Trichomes are the little crystal-like formations you may be able to see on your cannabis buds and on some leaves. They’re where the majority of cannabinoids, terpenes and flavonoids reside, so you definitely don’t want to damage them. People say that once the trichomes are frozen that they’re easy to break off, and that using freezer bags creates static, which can also damage the buds.

Well, you can resolve both of these issues by freezing your cannabis in glass mason jars. If you grow your own cannabis, you can use the same jars you used to cure your harvest. Post-curing, simply put your storage jars into the freezer.

Your flower will be freshly dried and cured, so water content will be low, allowing for easy defrosting later. Plus, by keeping your cannabis in the same container, you won’t be exposing it to any outside environmental factors that could degrade the cannabinoids.

Why I Freeze the Fresh Cannabis That I Use to Prepare Edibles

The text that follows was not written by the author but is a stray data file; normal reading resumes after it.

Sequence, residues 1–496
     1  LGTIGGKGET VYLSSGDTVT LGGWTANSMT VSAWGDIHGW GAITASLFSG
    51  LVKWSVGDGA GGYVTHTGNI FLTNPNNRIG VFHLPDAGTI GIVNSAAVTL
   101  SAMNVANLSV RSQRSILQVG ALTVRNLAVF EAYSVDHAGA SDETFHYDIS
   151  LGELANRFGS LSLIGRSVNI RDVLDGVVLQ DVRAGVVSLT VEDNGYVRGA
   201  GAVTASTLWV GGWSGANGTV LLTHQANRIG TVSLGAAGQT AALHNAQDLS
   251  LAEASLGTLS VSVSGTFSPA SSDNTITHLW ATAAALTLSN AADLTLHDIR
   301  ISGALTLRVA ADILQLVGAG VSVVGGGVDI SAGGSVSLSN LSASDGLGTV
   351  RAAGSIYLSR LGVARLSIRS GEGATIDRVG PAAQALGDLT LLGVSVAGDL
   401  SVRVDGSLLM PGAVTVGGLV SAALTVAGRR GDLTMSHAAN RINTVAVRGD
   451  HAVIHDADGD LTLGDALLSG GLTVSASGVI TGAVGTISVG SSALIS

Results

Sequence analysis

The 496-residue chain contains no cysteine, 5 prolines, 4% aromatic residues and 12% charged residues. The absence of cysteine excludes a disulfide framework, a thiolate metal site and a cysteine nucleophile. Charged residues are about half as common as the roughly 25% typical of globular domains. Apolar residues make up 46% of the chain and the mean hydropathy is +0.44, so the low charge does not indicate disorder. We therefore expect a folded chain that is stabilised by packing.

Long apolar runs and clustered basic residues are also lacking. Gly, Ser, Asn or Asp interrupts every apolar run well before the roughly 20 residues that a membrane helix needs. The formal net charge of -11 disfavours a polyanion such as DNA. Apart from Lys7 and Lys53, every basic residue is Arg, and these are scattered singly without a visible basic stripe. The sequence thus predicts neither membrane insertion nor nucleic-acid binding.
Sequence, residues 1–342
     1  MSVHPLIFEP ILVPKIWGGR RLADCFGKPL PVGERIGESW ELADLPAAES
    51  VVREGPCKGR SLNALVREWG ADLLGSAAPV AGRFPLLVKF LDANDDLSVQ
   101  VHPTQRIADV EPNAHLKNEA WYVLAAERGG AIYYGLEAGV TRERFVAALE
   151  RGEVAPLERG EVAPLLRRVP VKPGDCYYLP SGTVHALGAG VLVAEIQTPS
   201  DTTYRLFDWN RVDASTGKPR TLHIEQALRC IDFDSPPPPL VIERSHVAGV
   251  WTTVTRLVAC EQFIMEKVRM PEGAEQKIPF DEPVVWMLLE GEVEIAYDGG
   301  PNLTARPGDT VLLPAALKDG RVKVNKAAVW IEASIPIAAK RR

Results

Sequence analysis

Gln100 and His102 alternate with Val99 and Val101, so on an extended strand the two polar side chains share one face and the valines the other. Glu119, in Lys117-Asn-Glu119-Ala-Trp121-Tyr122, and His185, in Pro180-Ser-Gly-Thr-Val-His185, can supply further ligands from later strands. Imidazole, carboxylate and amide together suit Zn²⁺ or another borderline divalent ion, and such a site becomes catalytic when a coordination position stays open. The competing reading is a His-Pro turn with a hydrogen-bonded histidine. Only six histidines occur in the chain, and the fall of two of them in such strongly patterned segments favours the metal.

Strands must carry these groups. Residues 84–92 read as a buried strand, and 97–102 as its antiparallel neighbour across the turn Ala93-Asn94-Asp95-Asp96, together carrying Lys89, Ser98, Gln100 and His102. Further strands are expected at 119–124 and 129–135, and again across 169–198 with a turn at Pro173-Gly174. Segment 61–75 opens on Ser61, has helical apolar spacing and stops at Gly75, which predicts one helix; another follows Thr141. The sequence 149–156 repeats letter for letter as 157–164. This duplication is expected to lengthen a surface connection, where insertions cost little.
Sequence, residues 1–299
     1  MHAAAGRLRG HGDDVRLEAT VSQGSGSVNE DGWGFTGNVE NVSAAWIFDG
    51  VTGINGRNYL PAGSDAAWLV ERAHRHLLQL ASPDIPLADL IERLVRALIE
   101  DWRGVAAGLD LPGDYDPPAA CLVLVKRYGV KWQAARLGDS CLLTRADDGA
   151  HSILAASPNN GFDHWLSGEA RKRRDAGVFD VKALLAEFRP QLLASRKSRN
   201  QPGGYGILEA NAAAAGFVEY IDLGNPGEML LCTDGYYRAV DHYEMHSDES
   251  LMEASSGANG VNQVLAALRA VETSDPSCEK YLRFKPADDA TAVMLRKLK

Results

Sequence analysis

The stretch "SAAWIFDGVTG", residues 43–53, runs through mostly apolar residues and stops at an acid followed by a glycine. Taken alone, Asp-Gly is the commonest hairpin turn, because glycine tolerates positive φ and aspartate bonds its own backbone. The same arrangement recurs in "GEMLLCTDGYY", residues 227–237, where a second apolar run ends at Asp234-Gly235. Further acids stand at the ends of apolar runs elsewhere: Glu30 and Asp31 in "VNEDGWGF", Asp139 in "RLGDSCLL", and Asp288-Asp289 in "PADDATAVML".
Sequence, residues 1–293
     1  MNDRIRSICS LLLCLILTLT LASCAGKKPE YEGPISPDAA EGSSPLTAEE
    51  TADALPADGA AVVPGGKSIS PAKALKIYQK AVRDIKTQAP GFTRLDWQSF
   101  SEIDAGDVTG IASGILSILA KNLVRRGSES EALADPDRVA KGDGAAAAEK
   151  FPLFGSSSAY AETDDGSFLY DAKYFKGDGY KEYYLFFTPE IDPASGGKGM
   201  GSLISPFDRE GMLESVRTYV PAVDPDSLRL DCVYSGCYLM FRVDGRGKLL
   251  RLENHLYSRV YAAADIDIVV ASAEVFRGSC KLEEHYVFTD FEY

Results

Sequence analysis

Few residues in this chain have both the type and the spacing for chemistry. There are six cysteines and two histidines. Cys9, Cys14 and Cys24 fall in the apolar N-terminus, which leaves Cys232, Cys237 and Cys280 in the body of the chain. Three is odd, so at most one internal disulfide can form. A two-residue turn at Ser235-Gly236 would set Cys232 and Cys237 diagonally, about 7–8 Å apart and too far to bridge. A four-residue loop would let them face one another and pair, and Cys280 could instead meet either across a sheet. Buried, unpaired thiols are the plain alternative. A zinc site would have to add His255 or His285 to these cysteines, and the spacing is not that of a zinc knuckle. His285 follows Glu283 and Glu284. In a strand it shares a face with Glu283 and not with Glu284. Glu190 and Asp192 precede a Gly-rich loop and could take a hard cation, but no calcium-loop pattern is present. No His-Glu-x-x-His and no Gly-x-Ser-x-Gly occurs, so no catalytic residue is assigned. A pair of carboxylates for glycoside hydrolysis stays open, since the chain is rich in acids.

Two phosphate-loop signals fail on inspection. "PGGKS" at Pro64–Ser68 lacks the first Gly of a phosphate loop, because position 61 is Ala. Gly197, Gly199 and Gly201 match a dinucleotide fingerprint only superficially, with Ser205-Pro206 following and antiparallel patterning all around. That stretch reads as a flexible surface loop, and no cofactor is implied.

I’m lucky enough to be able to grow my own cannabis at home. While I haven’t used the freezer for my already dried and cured cannabis yet, having seen the data in this study, I will likely experiment with half my stock next year.

I do, however, freeze some cannabis buds and leaves for making edibles. While many simply trim their cannabis buds and discard the rest, why not use the whole plant?

Freezing the sugar leaf is a no brainer for me. I simply remove the fan leaves (leaves without trichomes) and freeze the whole sugar leaf (leaves with trichomes) and buds whole after harvesting—no drying, no curing.

Then I defrost the cannabis as part of my decarboxylation process. I have to cook the cannabis for use in edibles, so defrosting is a simple extra step.